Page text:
The South African Army has ordered an undisclosed further number of Milan antitank guided missile (ATGM) for use by the Special Forces as well as airborne and motorised infantry. The R57 990 630.80 purchase order was awarded to Euromissile [sic] last week. It takes the known value of Project Kingfisher – according to the Armscor Bulletin System (ABS) – to R271 076 483.37.
The Kingfisher contract was placed on December 20, 2006, and initially escaped media notice. South Africa was the global launch customer of the new generation Milan ADT (Advanced Digital Technology) launcher and Milan ER (extended range) missile. The deal included Fulcrum Defence Systems (FDS), an EADS and MBDA local partner, upgrading about 30 existing Milan firing posts to ADT standard. They will also provide training, four simulators and logistic support. MBDA, the European missile-maker that now incorporates Euromissile, will provide the munitions. “We estimate our contribution will be worth about R30 million, which is a good investment in the local industry,” CE André Wolmarans told defenceWeb in 2007.
MBDA said at the time the digital technologies incorporated in the ADT firing post had notably enhanced the system’s ability to detect, reconnoitre and identify targets. The upgrade entailed replacing the control box as well as the electronics of the guidance unit and integrating new software and optics. The cards bearing the software were manufactured in South Africa and an initial batch of 33 sets was in manufacture at FDS by 2007.
In March 2009 the military ordered a further 13 Milan ADT firing posts and four simulators under a contract worth €10.7 million (about R129.3 million at then exchange rates, but R81.5 million on the ABS.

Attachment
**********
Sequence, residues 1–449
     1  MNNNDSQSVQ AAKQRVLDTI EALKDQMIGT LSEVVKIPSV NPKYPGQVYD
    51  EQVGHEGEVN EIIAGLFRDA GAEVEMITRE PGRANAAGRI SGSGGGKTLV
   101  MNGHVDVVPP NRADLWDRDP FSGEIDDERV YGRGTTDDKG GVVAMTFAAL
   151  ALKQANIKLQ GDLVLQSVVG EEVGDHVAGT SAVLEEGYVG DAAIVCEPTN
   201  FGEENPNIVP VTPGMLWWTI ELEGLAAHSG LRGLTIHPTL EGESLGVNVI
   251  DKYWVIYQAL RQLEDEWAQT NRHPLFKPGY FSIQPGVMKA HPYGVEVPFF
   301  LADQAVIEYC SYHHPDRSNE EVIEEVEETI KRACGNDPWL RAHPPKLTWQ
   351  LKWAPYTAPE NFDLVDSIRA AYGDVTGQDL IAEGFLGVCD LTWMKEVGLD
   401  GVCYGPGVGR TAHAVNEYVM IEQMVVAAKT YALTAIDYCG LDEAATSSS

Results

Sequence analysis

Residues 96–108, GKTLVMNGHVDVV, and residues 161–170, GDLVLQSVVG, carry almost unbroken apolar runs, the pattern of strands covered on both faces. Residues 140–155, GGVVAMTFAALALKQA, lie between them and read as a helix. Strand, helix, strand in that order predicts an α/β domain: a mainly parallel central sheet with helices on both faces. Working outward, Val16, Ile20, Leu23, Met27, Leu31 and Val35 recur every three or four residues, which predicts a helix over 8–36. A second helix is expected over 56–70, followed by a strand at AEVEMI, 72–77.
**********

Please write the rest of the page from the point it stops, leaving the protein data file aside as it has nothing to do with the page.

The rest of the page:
The 3000m range Milan ER comes with jam-proof wire guidance, night sight and a tandem charge. Optimised for pulverising tanks, the warhead is rated as “multi-target.” A MBDA official explained to the author in 2004 than an analysis of missiles expended in the Falklands in 1982 – and confirmed by the 2003 Iraq war – found more than 70 percent expended on targets other than tanks, mostly bunkers and buildings. “You may say a Milan is too expensive to use against a machine gun, and on a cost analysis it is. But what is he cost of a human life? How many must die in assaulting that machine gun position?”
The competition for Kingfisher pitted MBDA and Saab Bofors Dynamics, the latter offering SA the BILL 2 (Bofors Infantry Light & Lethal). Other competitors included Denel who at one stage appeared hopeful that a four-round pedestal-launched version of their Mokopa would do the job. Also interested in the project was Russia and India. Russia was offering the 4000-metre range Konkurs, the latest version of what NATO officially used to call the AT4 Spigot system. (Unoffi cially, they call it the “Milanski” believing it to be a reverse-engineered copy of the European original.) Combining the two was India, who customised the Konkurs’ launcher to fire both the Russian and the European missile. MBDA was selected as the preferred supplier in September 2006.
Wolmarans added in 2007 that his company has also been contracted by MBDA to form a service hub for Africa. “They are doing a total knowledge transfer to Fulcrum regarding the firing posts. There are currently 1600 posts in use on the continent we can look at maintaining and upgrading. The possibility of upgrading firing posts for customers in the rest of the world is not excluded,” he adds. “A number of countries using the Milan lack a service centre and we are looking at filling that gap.”
MBDA is jointly owned by BAE Systems (37.5%), EADS (37.5%) and Italy’s Finmeccanica (25%).
From the ABS:
Missile 115 mm high energy anti tank tandem – MILAN 3
ETMG/2010/399 19 May 2011 R57 990 630,80 Euromissile
Man portable missile products systems – extension of ETMG/2005/531
TMG/S2008/1016 11 Mar 2009 R81 568 388,57 Euromissile
Man portable missile products system
ETMG/2005/531 19 Jan 2007 R131 511 464.00. Euromissile